So a brand new year is here.  Once again I will work hard to remember to get the date correct when I write checks.  (Yes, there are some among us who still write checks, address envelopes and buy stamps.)

But before moving on, I’ll take one last look at the year I became 72 years old.

I published my first book.  Well, kinda sorta.  I wince when I say book because it is only 22 pages in all from stem to stern.  “Booklet” fits it better.  But hey, you can find it on Amazon and that gives it some validation I suppose.  Titled In the Land of Cotton, it’s a look at how our values are still shaped by the land.  Of course I am hardly impartial, but I still think it is insightful.

And I began this blog last April without a clue of what I was getting into.  It’s been quite a trip and I’m grateful for all the comments and emails I’ve received from readers.  Thankfully, 99 percent of the response has been positive.  I posted 235 times and had more than 115,000 views.  Now with the expert help of my friend Deb Geiger in Daphne, we’re doing some re-designing and increasing the blog presence on Facebook and Twitter.  Many tell me they repost articles to both of these and that is appreciated.

And I certainly encourage feedback.  If you have a thought you wish to share or know of something good going on in your local schools I am right here at: or 334-787-0410.

Numbers wise, 2015 was a year I wrote 23 articles for newspapers across the state, made 26 speeches all the way from Huntsville to Mobile and drove nearly 19,000 miles to listen, learn and make new friends.

One I made who stands out is Warren Callaway of Birmingham who runs the Scholarships For Kids scholarship granting organization.  This may come as a real surprise to some, given that I am constantly writing about the shortcomings I see in the Alabama Accountability Act.  But Warren is a genuine good guy with a good heart.  Obviously there are things we disagree on, but that does not lessen my respect for him.

It was also the year some guy on the other side of the Atlantic decided to stop by my computer and lock up all my document and picture files.  This was my introduction to a world I had no clue existed.  The “underbelly” of the internet if you will.  He used the name of “David Blaine” who is a well-known magician.  I suppose because he made my files disappear  This story had a semi-good ending as I recovered most of my files, but not all.  My advice, the “cloud” is your friend.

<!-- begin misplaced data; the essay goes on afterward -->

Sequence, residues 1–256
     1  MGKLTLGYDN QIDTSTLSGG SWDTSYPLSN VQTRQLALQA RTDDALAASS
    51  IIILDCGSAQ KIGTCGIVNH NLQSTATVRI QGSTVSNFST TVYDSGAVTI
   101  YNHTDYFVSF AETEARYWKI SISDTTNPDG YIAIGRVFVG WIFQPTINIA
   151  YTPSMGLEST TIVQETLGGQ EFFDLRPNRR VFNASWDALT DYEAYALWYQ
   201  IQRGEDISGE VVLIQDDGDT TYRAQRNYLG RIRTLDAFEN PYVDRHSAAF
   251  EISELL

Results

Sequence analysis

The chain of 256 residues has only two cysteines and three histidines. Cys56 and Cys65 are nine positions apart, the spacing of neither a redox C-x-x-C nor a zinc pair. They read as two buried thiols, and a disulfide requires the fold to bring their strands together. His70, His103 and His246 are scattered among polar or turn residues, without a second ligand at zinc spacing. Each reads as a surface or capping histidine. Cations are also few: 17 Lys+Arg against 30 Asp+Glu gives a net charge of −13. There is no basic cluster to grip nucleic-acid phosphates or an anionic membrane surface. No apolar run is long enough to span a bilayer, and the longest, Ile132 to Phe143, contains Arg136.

When I spoke to the Retired Educators group in Marion County I had lunch sitting with a delightful couple from Guin who were both retired teachers and both in their 90s.  The amazing thing is that they have spent their retirement years traveling the world on mission trips and were planning their next venture.

I was humbled each time I spoke to retired educators because I knew I was looking into a sea of faces who had devoted untold hours working with young people.  Not to get rich, but because it was what they were supposed to do.  One lady I met in Birmingham worked more than 50 years in education.

Of all the things I encountered last year, none impressed me more than the seven students from Russellville who won the international rocketry contest at last summer’s Paris Air Show.  This was after defeating 700 U.S. teams.  They are amazing and certainly a testament to what happens in many schools daily.

I thought about these students when a legislator wrote a blog comment saying we have “awful schools” in Alabama.  Me being me, I sent him an email asking him to name some of these “awful schools.”  He told me I was just trying to be argumentative.

One of my talks was to a Republican group in Vestavia.  They were very warm and responsive.  Several legislators were there.  One later emailed a friend and said some of the things I said were “false” and “untrue.”  Once again, me being me, I sent him a copy of my remarks and asked that he point out where I misspoke.  He said he would.  He didn’t.

I sat in the office of principal Debbie Devours at little Berry Elementary in Fayette County while she told me how she has to fund-raise to pay for the school’s telephone service and copying machine rental.   At the same time I thought about lawmakers who insist we have a surplus of funding for education.  Obviously they have never been to Debbie’s school.

The most poignant moment came when I sat in a hearing at the Statehouse about amending the Alabama Accountability Act so that scholarship granting organizations could pay up to $10,000 for a high school scholarship, $8,000 for middle school and $6,000 for elementary.  Hope Zeanah, assistant superintendent for the Baldwin County system was there with her two grandchildren, one in kindergarten and one in first grade.  She had them with her when she addressed the legislative committee and asked why the state only sent $5,400 to Baldwin County to educate one of her grandchildren, but was OK with giving $10,000 to a student going to private school.

No one responded.